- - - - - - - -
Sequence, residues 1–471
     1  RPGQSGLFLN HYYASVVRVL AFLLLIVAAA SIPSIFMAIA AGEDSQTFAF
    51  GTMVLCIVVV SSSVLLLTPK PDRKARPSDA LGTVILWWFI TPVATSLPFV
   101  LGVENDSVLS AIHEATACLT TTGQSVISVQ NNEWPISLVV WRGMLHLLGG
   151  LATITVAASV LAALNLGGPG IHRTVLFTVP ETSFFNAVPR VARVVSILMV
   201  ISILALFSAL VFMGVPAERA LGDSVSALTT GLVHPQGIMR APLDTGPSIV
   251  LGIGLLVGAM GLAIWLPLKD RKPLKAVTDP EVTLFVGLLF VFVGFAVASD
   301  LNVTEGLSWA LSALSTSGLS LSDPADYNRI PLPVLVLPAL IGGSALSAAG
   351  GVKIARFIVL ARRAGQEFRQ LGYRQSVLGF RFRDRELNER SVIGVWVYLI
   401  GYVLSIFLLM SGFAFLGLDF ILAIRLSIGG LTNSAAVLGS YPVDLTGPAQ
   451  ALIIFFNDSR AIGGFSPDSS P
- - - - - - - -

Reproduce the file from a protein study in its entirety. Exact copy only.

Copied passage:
Sequence, residues 1–471
     1  RPGQSGLFLN HYYASVVRVL AFLLLIVAAA SIPSIFMAIA AGEDSQTFAF
    51  GTMVLCIVVV SSSVLLLTPK PDRKARPSDA LGTVILWWFI TPVATSLPFV
   101  LGVENDSVLS AIHEATACLT TTGQSVISVQ NNEWPISLVV WRGMLHLLGG
   151  LATITVAASV LAALNLGGPG IHRTVLFTVP ETSFFNAVPR VARVVSILMV
   201  ISILALFSAL VFMGVPAERA LGDSVSALTT GLVHPQGIMR APLDTGPSIV
   251  LGIGLLVGAM GLAIWLPLKD RKPLKAVTDP EVTLFVGLLF VFVGFAVASD
   301  LNVTEGLSWA LSALSTSGLS LSDPADYNRI PLPVLVLPAL IGGSALSAAG
   351  GVKIARFIVL ARRAGQEFRQ LGYRQSVLGF RFRDRELNER SVIGVWVYLI
   401  GYVLSIFLLM SGFAFLGLDF ILAIRLSIGG LTNSAAVLGS YPVDLTGPAQ
   451  ALIIFFNDSR AIGGFSPDSS P